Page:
In recent years, there has been a growing trend in cold plunges and the benefits they offer for recovery and health. Athletes and fitness enthusiasts alike have been flocking to ice baths and other cold-water therapies to help reduce inflammation and speed up recovery after physical activity. While there is no denying the effectiveness of cold plunges, the attention they receive often overshadows the benefits of their opposite: hot hydrotherapy. Hot tubs, saunas, and other forms of hot hydrotherapy have been used for centuries to promote relaxation, reduce stress, and aid in recovery. Despite their proven benefits, hot hydrotherapy often receives less attention in the wellness world. In this blog, we will explore the benefits of hot hydrotherapy and why it should not be overlooked in your recovery and wellness routine.

From my earliest memories as a little kid, I was always enchanted by the allure of hot tubs. But unfortunately, a hot tub was a luxury my family couldn’t afford. As I grew up, my desire for a hot tub only intensified. Finally, as an adult, I saved up enough money to purchase one. And let me tell you, the effects on my recovery have been nothing short of astounding! The hot tub provides a multitude of physical and mental benefits, which aid in injury recovery and promote overall health.

The sensation of the hot, bubbling water enveloping my body while steam rises around me is pure bliss. The calming environment relieves stress, while the warm water soothes my aching muscles and joints. The increased blood flow from the hot water also helps with pain management and muscle recovery. And after a revitalizing soak, I always experience a deeper, more restful sleep, which accelerates my recovery after physical activity. But what does the research say?

  1. Efficacy of hot and cold hydrotherapy in the treatment of ankle sprains: A randomized controlled trial – This study found that both hot and cold hydrotherapy can be effective in reducing pain and swelling associated with ankle sprains, but hot hydrotherapy was found to be more effective in promoting range of motion and functional recovery (Bleakley, McDonough, & MacAuley, 2013).


  1. The effect of hot water immersion on recovery from exhaustive intermittent exercise – This study found that hot water immersion can be an effective method for promoting recovery and reducing inflammation after exhaustive exercise (Ihsan et al., 2016).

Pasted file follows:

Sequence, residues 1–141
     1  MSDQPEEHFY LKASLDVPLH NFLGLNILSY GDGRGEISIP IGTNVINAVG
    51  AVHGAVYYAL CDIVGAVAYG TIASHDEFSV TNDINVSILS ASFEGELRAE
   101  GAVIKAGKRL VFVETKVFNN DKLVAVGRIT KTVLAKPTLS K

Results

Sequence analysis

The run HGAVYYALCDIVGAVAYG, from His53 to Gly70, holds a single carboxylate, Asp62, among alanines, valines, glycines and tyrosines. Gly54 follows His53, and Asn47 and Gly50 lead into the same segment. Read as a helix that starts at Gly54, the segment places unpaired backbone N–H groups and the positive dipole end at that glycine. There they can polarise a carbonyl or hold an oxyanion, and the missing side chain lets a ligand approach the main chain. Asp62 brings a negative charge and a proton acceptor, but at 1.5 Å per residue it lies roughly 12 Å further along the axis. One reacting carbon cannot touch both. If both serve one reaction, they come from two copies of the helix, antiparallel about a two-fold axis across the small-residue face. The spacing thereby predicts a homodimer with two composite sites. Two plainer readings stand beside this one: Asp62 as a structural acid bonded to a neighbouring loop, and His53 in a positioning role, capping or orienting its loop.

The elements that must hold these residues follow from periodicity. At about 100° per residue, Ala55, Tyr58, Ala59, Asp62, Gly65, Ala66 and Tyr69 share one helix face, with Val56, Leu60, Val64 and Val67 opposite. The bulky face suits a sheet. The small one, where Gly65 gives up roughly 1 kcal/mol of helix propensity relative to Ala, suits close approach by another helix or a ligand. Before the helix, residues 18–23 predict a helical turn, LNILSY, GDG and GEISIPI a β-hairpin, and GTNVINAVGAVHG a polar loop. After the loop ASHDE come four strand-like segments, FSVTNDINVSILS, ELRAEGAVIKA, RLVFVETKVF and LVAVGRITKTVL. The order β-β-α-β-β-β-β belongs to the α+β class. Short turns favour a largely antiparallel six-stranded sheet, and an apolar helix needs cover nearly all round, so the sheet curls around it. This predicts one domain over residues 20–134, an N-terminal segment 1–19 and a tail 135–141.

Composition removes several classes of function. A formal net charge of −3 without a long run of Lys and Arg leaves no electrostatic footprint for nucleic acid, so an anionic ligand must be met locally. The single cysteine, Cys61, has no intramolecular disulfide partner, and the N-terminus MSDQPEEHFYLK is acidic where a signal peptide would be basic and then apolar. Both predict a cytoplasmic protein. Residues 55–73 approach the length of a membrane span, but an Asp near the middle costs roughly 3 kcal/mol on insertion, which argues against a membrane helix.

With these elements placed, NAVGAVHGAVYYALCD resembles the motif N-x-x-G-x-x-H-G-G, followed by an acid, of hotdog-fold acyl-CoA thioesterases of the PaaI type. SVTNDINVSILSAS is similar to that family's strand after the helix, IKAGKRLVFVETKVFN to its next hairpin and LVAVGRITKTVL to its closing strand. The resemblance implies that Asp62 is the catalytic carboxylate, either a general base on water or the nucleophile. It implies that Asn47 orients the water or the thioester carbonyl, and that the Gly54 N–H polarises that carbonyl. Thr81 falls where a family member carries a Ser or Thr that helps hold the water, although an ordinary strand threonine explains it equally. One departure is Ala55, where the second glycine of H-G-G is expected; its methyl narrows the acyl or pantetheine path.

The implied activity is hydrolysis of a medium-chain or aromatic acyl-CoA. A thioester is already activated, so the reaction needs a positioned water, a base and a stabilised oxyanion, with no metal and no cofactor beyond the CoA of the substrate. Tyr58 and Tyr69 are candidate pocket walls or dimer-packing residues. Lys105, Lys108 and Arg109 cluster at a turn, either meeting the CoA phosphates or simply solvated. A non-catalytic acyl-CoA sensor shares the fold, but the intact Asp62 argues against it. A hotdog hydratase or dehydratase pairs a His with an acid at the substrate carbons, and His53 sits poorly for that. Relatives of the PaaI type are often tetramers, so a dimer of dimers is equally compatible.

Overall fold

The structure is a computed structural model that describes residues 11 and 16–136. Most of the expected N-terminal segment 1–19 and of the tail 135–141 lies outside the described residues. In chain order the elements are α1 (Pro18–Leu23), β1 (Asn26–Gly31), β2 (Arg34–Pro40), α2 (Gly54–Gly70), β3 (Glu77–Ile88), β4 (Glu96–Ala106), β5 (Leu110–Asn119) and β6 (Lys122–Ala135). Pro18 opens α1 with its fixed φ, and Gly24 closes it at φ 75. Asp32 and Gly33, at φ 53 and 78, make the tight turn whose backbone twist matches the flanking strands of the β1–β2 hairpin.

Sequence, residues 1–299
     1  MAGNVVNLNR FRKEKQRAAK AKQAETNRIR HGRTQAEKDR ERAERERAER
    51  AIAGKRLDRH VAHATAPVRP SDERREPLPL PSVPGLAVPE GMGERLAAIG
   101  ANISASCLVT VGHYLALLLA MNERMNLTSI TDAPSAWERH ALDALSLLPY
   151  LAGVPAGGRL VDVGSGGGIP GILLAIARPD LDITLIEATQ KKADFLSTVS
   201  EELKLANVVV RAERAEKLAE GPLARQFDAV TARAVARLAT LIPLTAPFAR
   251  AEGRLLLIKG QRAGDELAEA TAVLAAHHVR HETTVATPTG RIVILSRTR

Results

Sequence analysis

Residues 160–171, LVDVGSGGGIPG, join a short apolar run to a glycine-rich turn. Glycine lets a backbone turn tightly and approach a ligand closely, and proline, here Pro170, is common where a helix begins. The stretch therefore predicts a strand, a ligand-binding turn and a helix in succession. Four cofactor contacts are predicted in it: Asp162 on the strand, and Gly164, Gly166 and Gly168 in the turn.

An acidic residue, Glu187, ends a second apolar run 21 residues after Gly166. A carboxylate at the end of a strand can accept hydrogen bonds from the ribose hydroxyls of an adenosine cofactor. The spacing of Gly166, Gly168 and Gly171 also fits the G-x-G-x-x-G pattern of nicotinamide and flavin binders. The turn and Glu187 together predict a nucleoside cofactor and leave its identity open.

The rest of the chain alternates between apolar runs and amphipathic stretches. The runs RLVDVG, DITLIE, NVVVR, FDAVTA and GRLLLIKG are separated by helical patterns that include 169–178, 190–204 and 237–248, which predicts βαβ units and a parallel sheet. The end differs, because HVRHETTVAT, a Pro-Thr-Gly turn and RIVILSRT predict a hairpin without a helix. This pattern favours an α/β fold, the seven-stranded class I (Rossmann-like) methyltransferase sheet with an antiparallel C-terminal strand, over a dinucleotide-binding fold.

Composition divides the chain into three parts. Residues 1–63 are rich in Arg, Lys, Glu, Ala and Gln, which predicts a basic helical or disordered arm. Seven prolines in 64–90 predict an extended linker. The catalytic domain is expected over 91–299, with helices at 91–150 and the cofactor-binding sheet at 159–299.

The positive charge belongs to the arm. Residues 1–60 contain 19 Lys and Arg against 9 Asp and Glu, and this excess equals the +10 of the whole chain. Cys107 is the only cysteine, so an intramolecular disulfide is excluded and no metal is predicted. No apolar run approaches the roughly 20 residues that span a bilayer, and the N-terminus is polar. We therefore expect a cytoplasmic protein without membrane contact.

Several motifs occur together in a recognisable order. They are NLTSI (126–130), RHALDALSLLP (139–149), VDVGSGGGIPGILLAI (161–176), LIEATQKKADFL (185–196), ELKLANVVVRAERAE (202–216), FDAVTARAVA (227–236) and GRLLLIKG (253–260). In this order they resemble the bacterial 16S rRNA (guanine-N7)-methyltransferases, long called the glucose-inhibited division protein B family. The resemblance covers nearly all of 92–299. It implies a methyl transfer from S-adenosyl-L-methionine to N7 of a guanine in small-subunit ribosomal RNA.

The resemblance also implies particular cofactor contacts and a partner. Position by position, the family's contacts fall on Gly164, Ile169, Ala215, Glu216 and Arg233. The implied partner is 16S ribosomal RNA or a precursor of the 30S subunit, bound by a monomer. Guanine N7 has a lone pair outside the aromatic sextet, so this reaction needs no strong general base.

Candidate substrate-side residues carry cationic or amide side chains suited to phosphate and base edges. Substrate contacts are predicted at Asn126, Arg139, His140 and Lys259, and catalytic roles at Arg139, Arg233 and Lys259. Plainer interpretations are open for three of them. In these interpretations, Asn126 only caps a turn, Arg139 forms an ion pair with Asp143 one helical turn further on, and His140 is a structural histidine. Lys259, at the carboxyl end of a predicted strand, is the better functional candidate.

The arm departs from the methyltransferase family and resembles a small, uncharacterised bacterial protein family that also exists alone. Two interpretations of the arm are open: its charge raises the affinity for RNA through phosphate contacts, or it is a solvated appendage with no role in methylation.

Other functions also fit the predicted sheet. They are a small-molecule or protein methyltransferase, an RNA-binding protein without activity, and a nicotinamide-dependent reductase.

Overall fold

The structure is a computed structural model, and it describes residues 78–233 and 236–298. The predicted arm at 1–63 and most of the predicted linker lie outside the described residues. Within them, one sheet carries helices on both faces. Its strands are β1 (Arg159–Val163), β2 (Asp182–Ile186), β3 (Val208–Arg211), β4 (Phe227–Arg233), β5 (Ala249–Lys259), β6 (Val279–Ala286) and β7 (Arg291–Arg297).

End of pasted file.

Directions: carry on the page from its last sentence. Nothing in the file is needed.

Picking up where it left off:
1. The use of hydrotherapy for the treatment of delayed-onset muscle soreness – This study found that hydrotherapy (specifically, contrast water therapy) can be an effective tool for reducing muscle soreness and improving recovery after exercise (Poppendieck et al., 2013).


  1. The study by Plews et al. (2018) found that a 30-minute hot tub session after exercise improved perceived recovery, reduced muscle soreness, and increased heart rate variability compared to a control group. The authors suggest that hot tub use may be a useful tool for enhancing recovery after exercise.


  1. The study by Hamlin et al. (2018) demonstrated that hot water immersion improved recovery following resistance training, as evidenced by reduced muscle soreness and improved physical performance compared to a control group. The authors suggest that hot water immersion may be a useful strategy for enhancing recovery and improving subsequent performance after resistance training.

In summary, these studies provide evidence that hot tubs and hydrotherapy can be effective tools for promoting recovery, reducing pain and inflammation, and improving range of motion and functional recovery after physical activity.




Bleakley, C. M., McDonough, S. M., & MacAuley, D. C. (2013). The use of ice in the treatment of acute soft-tissue injury: A systematic review of randomized controlled trials. The American Journal of Sports Medicine, 41(1), 224-233. Link.

Hamlin, M. J., Olsen, P. D., Marshall, H. C., Lizamore, C. A., & Elliot, C. A. (2018). The effect of hot water immersion on recovery following resistance training. Journal of Strength and Conditioning Research, 32(6), 1623-1630. Link.

Ihsan, M., Watson, G., Lipski, M., & Abbiss, C. R. (2016). Influence of postexercise cooling on muscle oxygenation and blood volume changes. Medicine and Science in Sports and Exercise, 48(3), 526-534. Link.

Plews, D. J., Scott, B., Altini, M., Wood, M., Kilding, A. E., & Laursen, P. B. (2018). Effects of a hot tub session on postexercise recovery: A randomized crossover study. Journal of Science and Medicine in Sport, 21(10), 1038-1043. Link.

Poppendieck, W., Wegmann, M., Ferrauti, A., Kellmann, M., Pfeiffer, M., & Meyer, T. (2013). Massage and cryotherapy: A novel approach to athletic recovery management. Medicine and Science in Sports and Exercise, 45(3), 492-502. Link.